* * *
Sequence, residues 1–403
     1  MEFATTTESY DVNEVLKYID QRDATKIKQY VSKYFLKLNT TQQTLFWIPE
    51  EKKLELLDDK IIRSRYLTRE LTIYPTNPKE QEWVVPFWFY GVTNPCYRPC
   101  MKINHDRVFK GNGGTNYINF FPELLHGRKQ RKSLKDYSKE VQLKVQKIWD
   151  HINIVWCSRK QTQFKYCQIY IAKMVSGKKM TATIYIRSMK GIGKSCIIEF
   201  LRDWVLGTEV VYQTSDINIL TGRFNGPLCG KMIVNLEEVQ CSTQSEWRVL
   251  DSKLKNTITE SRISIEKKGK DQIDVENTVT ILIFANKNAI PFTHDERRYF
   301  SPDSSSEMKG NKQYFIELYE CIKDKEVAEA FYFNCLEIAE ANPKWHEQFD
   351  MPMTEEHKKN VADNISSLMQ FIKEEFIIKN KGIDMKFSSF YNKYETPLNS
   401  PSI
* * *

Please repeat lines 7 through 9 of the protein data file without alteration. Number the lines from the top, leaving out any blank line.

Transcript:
   251  DSKLKNTITE SRISIEKKGK DQIDVENTVT ILIFANKNAI PFTHDERRYF
   301  SPDSSSEMKG NKQYFIELYE CIKDKEVAEA FYFNCLEIAE ANPKWHEQFD
   351  MPMTEEHKKN VADNISSLMQ FIKEEFIIKN KGIDMKFSSF YNKYETPLNS